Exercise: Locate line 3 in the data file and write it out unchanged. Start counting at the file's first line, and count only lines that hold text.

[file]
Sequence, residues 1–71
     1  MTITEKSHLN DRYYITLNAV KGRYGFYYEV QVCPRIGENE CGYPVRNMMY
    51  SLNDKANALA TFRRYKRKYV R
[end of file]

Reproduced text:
    51  SLNDKANALA TFRRYKRKYV R